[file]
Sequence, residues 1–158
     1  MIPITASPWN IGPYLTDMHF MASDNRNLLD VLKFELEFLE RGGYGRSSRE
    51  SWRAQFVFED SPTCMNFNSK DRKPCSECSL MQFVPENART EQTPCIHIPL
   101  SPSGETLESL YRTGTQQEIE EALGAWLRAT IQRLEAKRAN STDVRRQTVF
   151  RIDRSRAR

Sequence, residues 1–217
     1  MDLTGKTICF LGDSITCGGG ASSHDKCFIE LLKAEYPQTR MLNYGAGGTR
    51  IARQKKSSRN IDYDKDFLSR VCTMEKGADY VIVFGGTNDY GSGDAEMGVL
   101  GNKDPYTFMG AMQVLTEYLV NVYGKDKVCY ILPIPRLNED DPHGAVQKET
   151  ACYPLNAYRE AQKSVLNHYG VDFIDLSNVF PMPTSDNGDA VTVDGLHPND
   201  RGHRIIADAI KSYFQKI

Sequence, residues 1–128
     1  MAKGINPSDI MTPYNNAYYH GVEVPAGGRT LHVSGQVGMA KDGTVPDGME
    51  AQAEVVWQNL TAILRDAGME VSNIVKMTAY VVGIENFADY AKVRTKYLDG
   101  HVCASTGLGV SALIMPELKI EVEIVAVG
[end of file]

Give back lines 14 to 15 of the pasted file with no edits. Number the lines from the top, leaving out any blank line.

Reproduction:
    51  AQAEVVWQNL TAILRDAGME VSNIVKMTAY VVGIENFADY AKVRTKYLDG
   101  HVCASTGLGV SALIMPELKI EVEIVAVG